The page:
what to do DURING A TORNADO

Long-time residents of Texas know that severe weather is a part of life. California has earthquakes, the Mid-Atlantic has nor’easters, and the list goes on. The key to lowering the potential impacts from hazardous weather is to be prepared. For severe weather that means having a severe weather safety plan in advance of an event. A tornado bearing down is not a good time to make a safety/shelter plan. Being prepared means taking the time now to develop and practice your tornado safety plan while the weather is nice.

What’s it mean? Tornado Watch vs Tornado Warning

Tornado Safety
Tornado Watch

Tornadoes are possible in and near the watch area.

Review and discuss your emergency plans. Check supplies and ensure your safe room is ready to go. Be ready to act quickly if a warning is issued or you suspect a tornado is approaching. Acting early helps to save lives! 

The watch area is typically large, covering numerous counties or even states. A watch can be issued hours before thunderstorms impact your area.

Tornado Warning

A tornado has been visually sighted or indicated by weather radar. There is imminent danger to life and property. Enact your tornado safety plan!

Don’t have a plan or know what to do? Keep scrolling down…

Where to go if a tornado is approaching

What to do in a tornado if you’re in a…

  • Move to the lowest floor.
  • Shelter in a small room with no windows. Put as many walls between you and the outdoors as possible.
    • Examples: Bathroom, closet, under a stairwell.
  • Crouch as low as possible to the floor, facing down; and cover your head with your hands.
  • Cover yourself with protection or get under a sturdy object (mattress, blankets, etc).
  • Pants, long-sleeve shirts, sturdy shoes, and a helmet are recommended for personal protection.
    • Many tornado-related injuries are due to blunt force trauma to the head. A sturdy helmet can greatly improve protection to the head.

Tornado Safety

  • Move to the lowest floor if at all possible.
    • Tip: Get to know your neighbors. Invite those on floors above to shelter with you if you have a ground-floor unit.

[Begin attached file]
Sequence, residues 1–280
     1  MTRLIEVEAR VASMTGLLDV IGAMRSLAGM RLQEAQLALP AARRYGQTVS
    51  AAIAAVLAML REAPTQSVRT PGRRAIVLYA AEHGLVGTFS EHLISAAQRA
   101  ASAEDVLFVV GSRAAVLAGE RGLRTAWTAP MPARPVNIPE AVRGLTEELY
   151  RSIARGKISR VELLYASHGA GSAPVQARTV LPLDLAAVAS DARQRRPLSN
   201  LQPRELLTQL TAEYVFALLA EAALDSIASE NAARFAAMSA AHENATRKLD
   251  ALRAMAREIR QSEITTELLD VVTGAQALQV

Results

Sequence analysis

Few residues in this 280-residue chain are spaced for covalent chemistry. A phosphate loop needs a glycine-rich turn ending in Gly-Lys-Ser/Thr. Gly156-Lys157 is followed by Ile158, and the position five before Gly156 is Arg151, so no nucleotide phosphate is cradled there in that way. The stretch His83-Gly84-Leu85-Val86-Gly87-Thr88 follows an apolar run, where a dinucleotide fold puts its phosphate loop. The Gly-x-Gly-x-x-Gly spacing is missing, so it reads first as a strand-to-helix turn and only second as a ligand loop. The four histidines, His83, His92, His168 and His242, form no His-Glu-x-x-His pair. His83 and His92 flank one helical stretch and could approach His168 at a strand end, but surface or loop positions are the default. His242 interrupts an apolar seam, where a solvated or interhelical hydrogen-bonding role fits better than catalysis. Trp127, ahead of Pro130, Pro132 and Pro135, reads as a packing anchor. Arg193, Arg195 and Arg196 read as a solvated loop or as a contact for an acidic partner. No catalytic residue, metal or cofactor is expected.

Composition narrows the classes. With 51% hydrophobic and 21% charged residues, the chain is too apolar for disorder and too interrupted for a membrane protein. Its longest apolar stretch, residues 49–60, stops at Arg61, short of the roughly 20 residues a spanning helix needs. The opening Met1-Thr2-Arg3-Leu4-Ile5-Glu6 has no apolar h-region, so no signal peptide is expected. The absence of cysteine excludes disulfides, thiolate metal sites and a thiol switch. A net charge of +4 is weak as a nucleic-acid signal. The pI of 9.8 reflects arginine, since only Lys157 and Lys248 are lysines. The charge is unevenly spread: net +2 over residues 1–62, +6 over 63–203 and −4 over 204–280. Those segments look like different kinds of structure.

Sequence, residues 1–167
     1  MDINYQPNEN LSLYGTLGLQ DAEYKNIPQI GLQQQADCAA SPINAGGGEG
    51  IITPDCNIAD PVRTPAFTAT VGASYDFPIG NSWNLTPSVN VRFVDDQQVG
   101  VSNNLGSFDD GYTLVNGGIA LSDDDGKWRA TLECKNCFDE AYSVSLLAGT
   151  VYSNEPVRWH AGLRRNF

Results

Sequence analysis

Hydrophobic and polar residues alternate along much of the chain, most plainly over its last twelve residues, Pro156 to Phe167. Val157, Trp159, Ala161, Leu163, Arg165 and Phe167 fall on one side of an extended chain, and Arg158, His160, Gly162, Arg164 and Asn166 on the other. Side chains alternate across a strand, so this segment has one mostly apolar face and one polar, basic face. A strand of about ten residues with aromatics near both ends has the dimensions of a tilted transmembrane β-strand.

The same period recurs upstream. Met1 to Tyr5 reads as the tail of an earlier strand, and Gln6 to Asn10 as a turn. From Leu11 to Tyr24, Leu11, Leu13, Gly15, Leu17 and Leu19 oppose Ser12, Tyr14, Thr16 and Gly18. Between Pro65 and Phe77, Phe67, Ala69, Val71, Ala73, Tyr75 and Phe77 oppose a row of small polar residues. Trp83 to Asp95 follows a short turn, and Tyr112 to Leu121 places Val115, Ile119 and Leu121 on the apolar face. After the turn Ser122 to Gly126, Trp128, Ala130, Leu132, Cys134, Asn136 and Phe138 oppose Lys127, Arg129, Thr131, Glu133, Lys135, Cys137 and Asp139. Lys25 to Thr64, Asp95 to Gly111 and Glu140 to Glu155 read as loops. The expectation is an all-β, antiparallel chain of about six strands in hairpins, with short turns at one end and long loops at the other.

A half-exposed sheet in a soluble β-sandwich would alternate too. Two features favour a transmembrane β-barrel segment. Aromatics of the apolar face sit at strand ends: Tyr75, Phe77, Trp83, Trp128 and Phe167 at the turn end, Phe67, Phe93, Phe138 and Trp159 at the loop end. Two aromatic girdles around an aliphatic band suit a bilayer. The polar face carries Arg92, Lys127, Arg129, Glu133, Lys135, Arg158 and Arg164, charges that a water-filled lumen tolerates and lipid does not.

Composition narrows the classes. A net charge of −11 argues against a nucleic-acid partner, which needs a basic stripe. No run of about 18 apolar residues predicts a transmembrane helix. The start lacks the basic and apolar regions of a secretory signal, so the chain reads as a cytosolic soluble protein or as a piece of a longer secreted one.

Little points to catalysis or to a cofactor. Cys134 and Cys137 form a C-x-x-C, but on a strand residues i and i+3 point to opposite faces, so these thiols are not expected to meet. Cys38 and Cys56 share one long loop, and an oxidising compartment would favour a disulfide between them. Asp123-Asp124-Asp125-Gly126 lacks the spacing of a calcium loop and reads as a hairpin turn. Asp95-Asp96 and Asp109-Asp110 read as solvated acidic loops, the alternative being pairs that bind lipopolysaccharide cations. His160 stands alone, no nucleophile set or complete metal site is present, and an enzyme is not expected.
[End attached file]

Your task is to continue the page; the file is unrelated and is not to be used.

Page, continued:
• Shelter in a small room with no windows , under an interior stairwell, or in a windowless interior hallway.
  • Crouch as low as possible to the floor, facing down; and cover your head with your hands.
  • Cover yourself with protection or get under a sturdy object (mattress, blankets, etc).
  • Pants, long-sleeve shirts, sturdy shoes, and a helmet are recommended for personal protection.
    • Many tornado-related injuries are due to blunt force trauma to the head. A sturdy helmet can greatly improve protection to the head.

Tornado Safety

Manufactured homes provide affordable, excellent housing. However, they are not suitable shelters for any tornado. Even the weakest tornadoes can destroy mobile homes. Stronger storms will obliterate mobile homes with the wreckage almost unrecognizable.

  • Find a suitable shelter well in advance of any potential severe weather threat.
    • A site-built, sturdy structure such as a gas station, residential home, commercial property, etc. Some areas have shelters. Know how long it will take you to reach this shelter.
  • Extra attention must be paid to weather forecasts. If severe weather is forecast plan on having to move to your designated shelter. Moving to your shelter may be needed well in advance of a storm if driving is required.
  • The last resort would be to take shelter in a ditch or low-lying area away from the trailer/mobile home. You would be better off taking shelter in a ditch outdoors than remaining in a mobile home. 
  • IF the tornado is visible, far away, and traffic is light you may be able to drive out of its path. Move at right angles of the tornado. Do not participate in risky driving behavior. This method is NOT viable in a city, town, or locations that are experiencing traffic.
  • Seek shelter in a sturdy building such as a gas station, rest stop, restaurant, hotel, etc.
  • IF you’re caught by extreme winds or flying debris…
    • Exit traffic lanes and park the car as quickly and safely as possible. You have two options and neither are particularly good.
      1. Stay in the vehicle with your seat belt on. Put your head down below the windows; cover your head with your hands. Use a blanket, coat, cushion, or other items if possible.
      2. If you can get noticeably lower than the level of the road, leave your car and lie in that area.
  • Bridges are DEATH TRAPS. Do NOT seek shelter under bridges under any circumstance! Winds are accelerated under bridges and they typically collect debris. There are documented instances of gruesome injuries and fatalities due to blunt force trauma from debris while taking shelter under bridges. 
Tornado Safety